Friday, October 23, 2009

The Art of Yawning

A month ago, I had a cavity filled. Part of the procedure involved the use of a dental dam, which is a contraption designed to hold your mouth open and the workspace dry. It probably isn't that big of a deal, but I had it in much longer than necessary because my dentist was having a party in the next exam room and couldn't get away from her guest.

The same week I had a massage from Mr. Masochist, who seemed bent on getting to the root of my tense neck muscles. I give him points for trying, but have to take away points for the resulting soreness. Part of his routine included my jaw muscles, which I felt had little to do with my neck - but what do I know? I guess the jaw bone is connected to the neck bone?

Anyhow, as a result of one or the other, or both, a few days later I could barely open my mouth. While this probably seemed like the ideal moment to start a liquid diet, I didn't. I found I could either chop up the food, or simply go with cheesecake, which was easily mushed between the tiny gap I could open between my teeth.

I'm sure many of you would have returned to the dentist or the masseuse or some other heath provider like an acupuncturist or witch doctor. But I didn't. As I did in childbirth, I decided to wait it out, believing it would get better. I kept setting deadlines that "if it wasn't better by ... I will go to the dentist." Each deadline was met with a little improvement, so I stayed put.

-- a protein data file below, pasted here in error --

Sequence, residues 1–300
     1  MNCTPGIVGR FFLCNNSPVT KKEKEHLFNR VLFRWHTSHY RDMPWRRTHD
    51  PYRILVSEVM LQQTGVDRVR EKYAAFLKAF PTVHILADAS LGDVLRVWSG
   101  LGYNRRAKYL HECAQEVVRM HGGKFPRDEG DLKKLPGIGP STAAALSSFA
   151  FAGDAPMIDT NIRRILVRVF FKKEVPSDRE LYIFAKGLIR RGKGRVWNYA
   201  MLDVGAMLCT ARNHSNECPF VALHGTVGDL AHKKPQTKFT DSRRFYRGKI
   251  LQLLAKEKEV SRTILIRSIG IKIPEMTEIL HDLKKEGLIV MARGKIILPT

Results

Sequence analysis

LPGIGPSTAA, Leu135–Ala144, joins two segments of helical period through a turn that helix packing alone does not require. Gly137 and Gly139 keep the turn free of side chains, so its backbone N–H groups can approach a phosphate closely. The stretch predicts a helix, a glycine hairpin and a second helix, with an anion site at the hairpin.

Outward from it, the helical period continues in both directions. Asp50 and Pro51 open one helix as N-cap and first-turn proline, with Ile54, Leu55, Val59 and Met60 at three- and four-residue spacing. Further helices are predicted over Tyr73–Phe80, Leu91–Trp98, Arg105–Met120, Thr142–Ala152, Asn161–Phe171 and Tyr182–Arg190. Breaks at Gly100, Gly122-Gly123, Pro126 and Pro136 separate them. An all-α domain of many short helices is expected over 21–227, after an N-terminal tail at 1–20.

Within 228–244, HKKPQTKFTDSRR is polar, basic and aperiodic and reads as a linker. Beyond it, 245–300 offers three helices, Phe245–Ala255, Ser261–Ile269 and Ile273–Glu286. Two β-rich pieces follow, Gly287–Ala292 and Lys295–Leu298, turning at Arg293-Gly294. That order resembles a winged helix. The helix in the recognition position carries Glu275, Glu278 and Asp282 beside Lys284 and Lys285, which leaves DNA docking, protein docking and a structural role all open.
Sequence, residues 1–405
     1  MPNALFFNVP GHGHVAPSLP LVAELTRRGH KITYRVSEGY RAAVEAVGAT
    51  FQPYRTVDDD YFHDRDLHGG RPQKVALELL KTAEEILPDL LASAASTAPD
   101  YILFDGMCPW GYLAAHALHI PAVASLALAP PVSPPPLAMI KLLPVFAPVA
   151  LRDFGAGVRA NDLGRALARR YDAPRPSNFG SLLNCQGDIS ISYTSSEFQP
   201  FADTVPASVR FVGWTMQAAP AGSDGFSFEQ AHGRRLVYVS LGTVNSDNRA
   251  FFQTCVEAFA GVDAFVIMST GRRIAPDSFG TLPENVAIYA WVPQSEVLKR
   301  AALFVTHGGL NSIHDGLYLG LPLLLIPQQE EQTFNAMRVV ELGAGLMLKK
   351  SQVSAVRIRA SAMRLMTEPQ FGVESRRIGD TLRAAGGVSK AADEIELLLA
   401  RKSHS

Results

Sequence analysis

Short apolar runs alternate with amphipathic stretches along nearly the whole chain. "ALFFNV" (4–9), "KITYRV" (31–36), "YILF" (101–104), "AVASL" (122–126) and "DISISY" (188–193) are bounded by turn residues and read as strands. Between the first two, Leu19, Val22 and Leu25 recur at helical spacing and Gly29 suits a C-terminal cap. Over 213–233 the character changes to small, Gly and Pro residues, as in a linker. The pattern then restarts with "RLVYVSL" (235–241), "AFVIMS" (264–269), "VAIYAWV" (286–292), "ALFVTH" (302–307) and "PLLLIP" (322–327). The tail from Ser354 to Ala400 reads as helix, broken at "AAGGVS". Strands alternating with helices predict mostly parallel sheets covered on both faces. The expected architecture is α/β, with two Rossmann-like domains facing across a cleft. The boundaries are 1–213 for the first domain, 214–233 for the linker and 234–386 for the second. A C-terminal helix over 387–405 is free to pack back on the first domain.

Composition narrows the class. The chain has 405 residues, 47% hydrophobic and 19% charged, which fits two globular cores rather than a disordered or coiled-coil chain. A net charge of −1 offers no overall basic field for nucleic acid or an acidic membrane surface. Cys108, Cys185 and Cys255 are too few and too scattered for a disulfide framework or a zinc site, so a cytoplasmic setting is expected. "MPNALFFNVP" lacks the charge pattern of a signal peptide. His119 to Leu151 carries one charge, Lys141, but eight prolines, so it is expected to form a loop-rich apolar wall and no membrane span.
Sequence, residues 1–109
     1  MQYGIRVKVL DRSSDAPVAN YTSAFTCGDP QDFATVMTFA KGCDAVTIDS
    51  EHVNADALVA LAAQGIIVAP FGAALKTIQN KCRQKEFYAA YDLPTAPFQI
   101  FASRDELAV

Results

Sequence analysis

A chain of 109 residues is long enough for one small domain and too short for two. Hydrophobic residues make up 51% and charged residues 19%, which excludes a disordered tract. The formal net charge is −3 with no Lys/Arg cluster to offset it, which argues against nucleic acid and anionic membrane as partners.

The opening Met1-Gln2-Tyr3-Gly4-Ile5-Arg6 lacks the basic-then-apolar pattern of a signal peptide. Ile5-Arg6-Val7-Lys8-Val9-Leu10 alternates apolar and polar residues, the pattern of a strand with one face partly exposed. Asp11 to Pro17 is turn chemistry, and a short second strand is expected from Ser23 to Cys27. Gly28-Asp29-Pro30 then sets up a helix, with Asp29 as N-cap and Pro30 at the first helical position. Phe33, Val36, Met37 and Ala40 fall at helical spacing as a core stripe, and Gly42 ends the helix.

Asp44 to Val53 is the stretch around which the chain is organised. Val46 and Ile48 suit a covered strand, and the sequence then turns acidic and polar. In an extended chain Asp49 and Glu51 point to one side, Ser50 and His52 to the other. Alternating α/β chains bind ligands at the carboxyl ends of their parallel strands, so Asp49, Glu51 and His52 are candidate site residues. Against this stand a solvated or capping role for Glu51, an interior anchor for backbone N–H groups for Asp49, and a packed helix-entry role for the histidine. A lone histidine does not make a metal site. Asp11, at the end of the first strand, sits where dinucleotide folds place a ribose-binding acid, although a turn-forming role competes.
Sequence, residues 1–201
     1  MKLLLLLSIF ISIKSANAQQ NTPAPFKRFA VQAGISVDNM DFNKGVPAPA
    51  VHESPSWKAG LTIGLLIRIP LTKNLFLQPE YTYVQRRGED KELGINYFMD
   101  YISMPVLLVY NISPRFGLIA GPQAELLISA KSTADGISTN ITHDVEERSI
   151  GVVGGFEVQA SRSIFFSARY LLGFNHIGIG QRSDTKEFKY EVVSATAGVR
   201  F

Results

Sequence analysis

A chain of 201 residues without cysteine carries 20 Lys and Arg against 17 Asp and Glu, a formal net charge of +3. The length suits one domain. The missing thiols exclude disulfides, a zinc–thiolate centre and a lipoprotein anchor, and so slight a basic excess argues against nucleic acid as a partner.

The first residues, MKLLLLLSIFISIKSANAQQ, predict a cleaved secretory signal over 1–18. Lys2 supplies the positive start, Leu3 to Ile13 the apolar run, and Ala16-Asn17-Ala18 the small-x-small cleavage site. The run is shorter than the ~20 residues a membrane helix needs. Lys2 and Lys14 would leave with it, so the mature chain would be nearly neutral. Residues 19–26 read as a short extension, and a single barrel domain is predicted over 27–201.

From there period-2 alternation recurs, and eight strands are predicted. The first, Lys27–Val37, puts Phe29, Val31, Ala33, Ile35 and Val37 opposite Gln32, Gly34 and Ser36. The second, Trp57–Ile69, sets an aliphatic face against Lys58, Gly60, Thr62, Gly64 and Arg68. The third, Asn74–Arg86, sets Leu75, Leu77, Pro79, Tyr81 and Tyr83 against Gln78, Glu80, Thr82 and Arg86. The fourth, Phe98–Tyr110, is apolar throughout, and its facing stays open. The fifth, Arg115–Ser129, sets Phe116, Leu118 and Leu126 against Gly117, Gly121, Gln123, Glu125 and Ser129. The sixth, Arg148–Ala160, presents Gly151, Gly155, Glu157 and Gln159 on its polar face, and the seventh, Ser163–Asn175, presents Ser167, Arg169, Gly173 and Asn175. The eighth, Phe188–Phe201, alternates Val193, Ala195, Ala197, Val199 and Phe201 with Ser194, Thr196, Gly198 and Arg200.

The point of this narrative is not the difficulty in the eating of food. The frustrating part was the inability to yawn. In case you didn't know, you cannot complete a yawn unless you are able to completely open your mouth as wide as possible - but certainly wider than a straw's width. An unfinished yawn is unnatural and can create a panicky feeling - well, at least in me. Try it - try yawning with your jaws shut. Crummy, right?

I am happy to report that yes, it did get better. Today I can yawn long and wide. It's a great feeling.

I guess it's funny the things we take for granted. Who would have thought that a simple yawn could be such an important thing in life? But maybe that's why incidents like sore jaws happen - so we can realize it's all those little things that make our lives complete and content.
Things that make today great: Disney shopping; New Jersey family on bus; tire flap on Epcot bus; dinner at Big River; race bib pickup and shirt; band aid nurse at first aid; unbelieving boy at bus stop

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